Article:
Gary R. Lichtenstein, MD: And one thing to remember is that the companies that have manufactured the originators have a research and development (R&D) budget. The R&D budget material comes from products that are profitable, and it goes to other products. This is very important for the future development of products. But perhaps that could be shaved down somewhat.
Peter L. Salgo, MD: I thought I heard, in the midst of this discussion, that in Europe, in the European Union (EU), there was a better price saving on these biosimilars than there is here in this country. How does the EU do it and we don’t?
Gary R. Lichtenstein, MD: About 30% is the general number that the EU has had when you look at biosimilars. It’s at the upper end of what we perceive will be likely in the United States. They have a different system, completely. They have a budget that’s allocated to an institution, if you would, through the EMEA (Europe, the Middle East, and Africa), who has said that these are cost-effective. And cost-effectiveness is very important. And that institution gets a budget. When they use that budget up, they’re done. They can spend no more money. So, they’re very cost conscious internally. The Germans, for example, if you look at them, are graded based on what they do. They’re told how they’re doing with biosimilars—each, individually. And the rate of use of biosimilars is something which is cost savings to their government.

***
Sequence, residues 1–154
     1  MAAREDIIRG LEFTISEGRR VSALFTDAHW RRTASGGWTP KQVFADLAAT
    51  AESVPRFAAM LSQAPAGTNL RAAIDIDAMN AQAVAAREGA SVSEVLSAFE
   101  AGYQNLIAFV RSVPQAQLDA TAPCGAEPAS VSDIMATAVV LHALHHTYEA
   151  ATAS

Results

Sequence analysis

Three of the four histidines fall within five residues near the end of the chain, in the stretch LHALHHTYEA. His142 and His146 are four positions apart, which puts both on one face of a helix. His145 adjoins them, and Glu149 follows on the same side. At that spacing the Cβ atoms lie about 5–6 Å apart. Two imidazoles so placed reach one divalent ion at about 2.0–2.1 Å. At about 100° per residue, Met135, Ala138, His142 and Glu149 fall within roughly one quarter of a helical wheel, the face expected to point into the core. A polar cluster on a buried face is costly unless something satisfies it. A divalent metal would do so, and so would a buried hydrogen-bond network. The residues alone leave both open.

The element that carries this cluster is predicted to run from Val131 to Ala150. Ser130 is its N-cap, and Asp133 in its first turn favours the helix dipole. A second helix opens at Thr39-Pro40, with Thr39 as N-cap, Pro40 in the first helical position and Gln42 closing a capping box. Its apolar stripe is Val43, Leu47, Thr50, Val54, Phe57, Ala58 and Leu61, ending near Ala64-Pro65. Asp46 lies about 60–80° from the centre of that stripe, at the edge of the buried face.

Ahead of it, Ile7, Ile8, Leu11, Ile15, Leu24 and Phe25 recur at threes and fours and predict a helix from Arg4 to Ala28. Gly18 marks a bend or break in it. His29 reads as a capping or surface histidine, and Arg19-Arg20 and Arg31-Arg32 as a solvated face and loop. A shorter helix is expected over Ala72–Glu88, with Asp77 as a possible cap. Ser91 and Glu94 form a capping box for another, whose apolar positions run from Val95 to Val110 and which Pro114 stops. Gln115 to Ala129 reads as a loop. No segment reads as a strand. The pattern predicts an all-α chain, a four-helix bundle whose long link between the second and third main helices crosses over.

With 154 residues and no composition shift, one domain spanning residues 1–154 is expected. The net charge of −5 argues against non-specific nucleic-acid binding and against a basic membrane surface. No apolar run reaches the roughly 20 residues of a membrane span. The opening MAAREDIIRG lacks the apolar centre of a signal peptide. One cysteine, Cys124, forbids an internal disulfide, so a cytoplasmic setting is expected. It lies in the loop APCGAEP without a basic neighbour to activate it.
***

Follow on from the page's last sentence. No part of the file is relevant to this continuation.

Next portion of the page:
Allan Gibofsky, MD: One other thing—they’re predominantly single-payer systems. When you bid for what you’re going to sell the drug at, you’re capturing, if you get the bid accepted, 100% of the market. You can always afford to lower your price in return for the volume, which you may not be able to do where you’re just fighting for a small amount.
Cole Wilson, PharmD: There’s also 10 years of experience in biosimilars in the European market. I think a lot of the providers are a lot more comfortable with their use.
Peter L. Salgo, MD: They get a lot more use. Is that what you’re saying?
Cole Wilson, PharmD: That’s right.
Allan Gibofsky, MD: Yes.
Peter L. Salgo, MD: There’s some volume just in the terms of prescriptions that are prescribed.